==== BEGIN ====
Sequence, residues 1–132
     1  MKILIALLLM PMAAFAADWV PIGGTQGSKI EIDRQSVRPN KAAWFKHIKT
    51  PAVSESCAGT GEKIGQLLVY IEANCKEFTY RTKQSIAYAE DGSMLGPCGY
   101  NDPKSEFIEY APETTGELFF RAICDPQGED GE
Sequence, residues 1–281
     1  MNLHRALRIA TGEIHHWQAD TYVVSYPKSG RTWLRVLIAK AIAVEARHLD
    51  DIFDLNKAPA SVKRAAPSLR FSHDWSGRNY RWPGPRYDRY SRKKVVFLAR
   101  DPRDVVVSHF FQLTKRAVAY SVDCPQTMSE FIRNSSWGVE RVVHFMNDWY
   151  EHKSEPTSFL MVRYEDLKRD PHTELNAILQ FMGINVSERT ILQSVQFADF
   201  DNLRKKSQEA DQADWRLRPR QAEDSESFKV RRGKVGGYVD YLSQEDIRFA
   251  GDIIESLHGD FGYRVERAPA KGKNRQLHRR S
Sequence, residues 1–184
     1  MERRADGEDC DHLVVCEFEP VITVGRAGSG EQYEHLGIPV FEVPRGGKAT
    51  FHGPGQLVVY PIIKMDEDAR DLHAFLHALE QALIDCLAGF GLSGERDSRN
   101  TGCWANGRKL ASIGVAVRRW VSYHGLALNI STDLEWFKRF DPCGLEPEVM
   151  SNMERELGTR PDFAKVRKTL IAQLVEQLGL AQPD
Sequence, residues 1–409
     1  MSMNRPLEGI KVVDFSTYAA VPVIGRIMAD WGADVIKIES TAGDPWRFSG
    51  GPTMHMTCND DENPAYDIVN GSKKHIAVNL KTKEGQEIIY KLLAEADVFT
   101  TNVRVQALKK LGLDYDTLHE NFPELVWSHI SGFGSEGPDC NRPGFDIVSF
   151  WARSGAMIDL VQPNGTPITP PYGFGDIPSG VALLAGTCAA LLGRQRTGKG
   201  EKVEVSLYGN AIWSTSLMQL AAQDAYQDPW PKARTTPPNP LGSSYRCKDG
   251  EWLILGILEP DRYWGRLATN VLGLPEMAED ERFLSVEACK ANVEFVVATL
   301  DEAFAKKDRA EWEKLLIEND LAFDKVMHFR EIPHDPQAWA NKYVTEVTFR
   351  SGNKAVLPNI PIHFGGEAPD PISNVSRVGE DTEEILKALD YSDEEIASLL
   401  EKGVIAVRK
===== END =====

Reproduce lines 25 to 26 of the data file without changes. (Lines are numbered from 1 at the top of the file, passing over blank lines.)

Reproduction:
   351  SGNKAVLPNI PIHFGGEAPD PISNVSRVGE DTEEILKALD YSDEEIASLL
   401  EKGVIAVRK